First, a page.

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Prime Minister Portillo: and Other Things That Never Happened [Paperback]

Duncan Brack , Iain Dale
4.0 out of 5 stars  See all reviews (1 customer review)

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Product details

  • Paperback: 384 pages
  • Publisher: Politico's Publishing Ltd (18 Oct 2004)
  • Language: English
  • ISBN-10: 1842751115
  • ISBN-13: 978-1842751114
  • Product Dimensions: 19.6 x 13 x 2.4 cm
  • Average Customer Review: 4.0 out of 5 stars  See all reviews (1 customer review)
  • Amazon Bestsellers Rank: 930,081 in Books (See Top 100 in Books)

More About the Author

Iain Dale is one of Britain's leading political commentators and bloggers and a presenter on LBC Radio. He is contributing editor for GQ Magazine, writes for the Daily Telegraph, and pens a fortnightly diary for the Eastern Daily Press. He was the chief anchor of Britain's first political internet TV channel, 18 Doughty Street.com and is now the publisher of the monthly magazine, TOTAL POLITICS. He is also managing director of Biteback Publishing.

Iain also writes for The Spectator, the New Statesman, the House Magazine and Parliamentary Monitor, as well as contributing weekly to The Guardian's CommentIsFree. He is a newspaper reviewer for both Sky News and the BBC News Channel and appears on regularly on Today and Newsnight.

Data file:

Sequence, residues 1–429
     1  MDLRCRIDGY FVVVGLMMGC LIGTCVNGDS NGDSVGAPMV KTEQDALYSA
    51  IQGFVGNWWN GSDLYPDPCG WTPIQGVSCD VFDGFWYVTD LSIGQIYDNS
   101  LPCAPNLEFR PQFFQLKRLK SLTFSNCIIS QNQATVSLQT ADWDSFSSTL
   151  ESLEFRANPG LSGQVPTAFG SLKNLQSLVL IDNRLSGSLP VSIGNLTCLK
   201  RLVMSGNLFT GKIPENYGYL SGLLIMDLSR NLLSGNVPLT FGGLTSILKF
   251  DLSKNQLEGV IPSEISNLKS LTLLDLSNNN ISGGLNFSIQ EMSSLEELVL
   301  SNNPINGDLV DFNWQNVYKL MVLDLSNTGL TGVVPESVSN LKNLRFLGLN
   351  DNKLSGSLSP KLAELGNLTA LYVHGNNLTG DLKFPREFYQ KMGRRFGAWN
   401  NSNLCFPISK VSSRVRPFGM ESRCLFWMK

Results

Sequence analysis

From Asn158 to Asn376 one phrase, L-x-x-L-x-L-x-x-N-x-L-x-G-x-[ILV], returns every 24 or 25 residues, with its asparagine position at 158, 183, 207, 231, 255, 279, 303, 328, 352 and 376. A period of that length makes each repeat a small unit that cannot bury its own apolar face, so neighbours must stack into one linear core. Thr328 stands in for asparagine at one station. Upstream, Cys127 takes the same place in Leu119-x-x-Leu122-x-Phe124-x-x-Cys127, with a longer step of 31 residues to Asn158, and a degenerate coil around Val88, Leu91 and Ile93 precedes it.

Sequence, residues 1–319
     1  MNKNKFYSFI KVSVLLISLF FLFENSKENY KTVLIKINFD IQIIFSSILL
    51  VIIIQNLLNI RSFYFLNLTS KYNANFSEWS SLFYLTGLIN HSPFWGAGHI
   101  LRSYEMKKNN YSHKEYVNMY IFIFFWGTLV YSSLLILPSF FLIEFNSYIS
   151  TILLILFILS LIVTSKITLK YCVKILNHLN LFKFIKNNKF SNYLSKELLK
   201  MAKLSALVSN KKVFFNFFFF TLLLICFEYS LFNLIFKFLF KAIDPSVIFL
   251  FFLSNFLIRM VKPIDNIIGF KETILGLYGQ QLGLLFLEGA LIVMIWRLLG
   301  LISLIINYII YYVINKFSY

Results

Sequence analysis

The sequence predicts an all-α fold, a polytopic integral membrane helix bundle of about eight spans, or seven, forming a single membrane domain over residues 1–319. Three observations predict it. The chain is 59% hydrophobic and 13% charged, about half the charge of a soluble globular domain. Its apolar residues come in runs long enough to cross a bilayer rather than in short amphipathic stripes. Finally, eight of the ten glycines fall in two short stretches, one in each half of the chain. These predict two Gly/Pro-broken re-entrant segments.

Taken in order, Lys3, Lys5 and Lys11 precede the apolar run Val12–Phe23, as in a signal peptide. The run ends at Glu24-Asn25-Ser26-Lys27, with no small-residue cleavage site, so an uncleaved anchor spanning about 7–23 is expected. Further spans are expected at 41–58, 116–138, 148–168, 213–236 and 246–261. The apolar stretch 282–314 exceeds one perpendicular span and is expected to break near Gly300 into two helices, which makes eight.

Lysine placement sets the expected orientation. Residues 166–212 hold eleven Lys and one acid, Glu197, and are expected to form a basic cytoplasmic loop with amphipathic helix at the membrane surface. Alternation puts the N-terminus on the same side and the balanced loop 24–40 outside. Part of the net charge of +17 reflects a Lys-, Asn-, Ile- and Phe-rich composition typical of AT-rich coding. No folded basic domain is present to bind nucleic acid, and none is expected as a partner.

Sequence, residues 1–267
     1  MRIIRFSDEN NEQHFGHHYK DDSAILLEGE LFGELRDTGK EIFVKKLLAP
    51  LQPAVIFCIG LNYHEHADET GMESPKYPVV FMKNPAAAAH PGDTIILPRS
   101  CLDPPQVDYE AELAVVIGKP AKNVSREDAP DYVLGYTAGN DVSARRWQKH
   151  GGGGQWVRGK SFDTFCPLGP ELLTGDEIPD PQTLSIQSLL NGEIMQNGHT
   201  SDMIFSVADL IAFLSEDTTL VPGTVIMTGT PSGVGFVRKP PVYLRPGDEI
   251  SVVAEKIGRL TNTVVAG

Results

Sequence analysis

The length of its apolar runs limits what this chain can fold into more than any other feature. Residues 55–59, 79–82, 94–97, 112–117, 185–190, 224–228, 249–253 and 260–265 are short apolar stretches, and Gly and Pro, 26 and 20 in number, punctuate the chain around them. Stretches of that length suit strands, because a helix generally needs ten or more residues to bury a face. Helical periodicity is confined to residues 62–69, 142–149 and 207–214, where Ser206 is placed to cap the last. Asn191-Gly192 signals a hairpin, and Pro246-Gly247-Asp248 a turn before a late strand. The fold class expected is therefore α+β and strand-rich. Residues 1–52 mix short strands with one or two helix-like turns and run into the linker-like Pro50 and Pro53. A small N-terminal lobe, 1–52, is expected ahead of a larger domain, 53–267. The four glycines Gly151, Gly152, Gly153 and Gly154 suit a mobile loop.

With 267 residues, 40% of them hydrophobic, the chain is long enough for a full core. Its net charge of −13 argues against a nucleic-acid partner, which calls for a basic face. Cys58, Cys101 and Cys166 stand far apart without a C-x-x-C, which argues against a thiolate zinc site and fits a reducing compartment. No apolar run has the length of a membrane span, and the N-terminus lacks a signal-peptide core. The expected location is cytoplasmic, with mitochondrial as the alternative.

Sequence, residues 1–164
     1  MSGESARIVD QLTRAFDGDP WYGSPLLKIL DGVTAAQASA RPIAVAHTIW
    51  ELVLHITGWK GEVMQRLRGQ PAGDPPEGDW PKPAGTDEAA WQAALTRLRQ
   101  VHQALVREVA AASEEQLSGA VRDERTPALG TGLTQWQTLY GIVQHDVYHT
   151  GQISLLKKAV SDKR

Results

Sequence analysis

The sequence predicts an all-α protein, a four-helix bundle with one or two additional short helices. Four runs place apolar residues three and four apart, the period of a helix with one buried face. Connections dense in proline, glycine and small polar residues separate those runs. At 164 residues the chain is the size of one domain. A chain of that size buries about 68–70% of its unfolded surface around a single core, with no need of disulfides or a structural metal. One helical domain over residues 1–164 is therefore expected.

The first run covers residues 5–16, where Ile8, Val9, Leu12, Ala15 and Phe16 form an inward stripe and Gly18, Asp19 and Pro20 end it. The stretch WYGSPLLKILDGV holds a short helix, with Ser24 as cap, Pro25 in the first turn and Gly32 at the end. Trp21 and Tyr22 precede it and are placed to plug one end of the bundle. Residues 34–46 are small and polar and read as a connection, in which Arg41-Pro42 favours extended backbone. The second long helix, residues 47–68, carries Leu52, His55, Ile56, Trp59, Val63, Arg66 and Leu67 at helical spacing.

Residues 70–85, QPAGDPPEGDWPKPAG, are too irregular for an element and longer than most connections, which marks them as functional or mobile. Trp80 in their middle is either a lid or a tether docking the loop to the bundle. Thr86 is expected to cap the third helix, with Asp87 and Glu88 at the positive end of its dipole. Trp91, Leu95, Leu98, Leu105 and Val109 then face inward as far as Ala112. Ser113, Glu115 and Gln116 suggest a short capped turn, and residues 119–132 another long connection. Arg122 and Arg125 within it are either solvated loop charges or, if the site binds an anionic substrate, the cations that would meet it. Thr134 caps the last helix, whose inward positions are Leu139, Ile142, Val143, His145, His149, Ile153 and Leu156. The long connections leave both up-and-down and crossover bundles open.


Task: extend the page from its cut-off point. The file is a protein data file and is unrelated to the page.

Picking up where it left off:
'Very few indeed are better informed than Iain Dale - his style may be easygoing and humorous but his mind is like a meat-cleaver' - Andrew Marr

Iain is Britain's leading political blogger with more than 130,000 individual readers each month. Iain is a widely respected and accomplished broadcaster, political commentator and raconteur.

Iain stood as a Conservative candidate at the last election and was Chief of Staff to the Rt Hon David Davis MP in the 2005 Conservative Party leadership election. He is a former political lobbyist, financial journalist and publisher and was the founder of Politico's Bookstore. He is the creator and host of the theatre production A Night With Ann Widdecombe, which tours provincial theatres all round the country. He is Director of the Conservative History Group and co-director of the Campaign for Fixed Term Parliaments. Iain is also a vocal proponent of an English Parliament.

Iain is an accomplished public speaker, and has just been signed up by the Specialist Speakers
speakers agency. He is much in demand for both set-piece speeches on current affairs, as well as humorous after dinner speeches.

He is a former financial journalist with Lloyds List, and was a political lobbyist before setting up his own political bookselling and publishing company, Politico's, in the late 1990s. He was a presenter of Radio 5 Live's Sunday Service programme alongside Fi Glover and Charlie Whelan from 2000 to 2004, and presented 5 Live's 2001 election night documentary Counting Chickens. He has also appeared on Radio 4's Any Questions.

The following are among his programme credits: Any Questions,Andrew Marr Show, Newsnight, Breakfast with Frost, Today Programme, Simon Mayo Show, Question Time Extra, 5 Live Breakfast, 5 Live Drive, Victoria Derbyshire, the Jon Gaunt Show, The Panel (Irish equivalent of Have I Got News for You), Steve Wright Show, The Sandy Toksvig LBC Show, Between the Lines (Press TV), News at Ten and the Iain Dale Show on PlayRadioUK. He presented 17 hours of radio coverage of the 2009 local and European elections.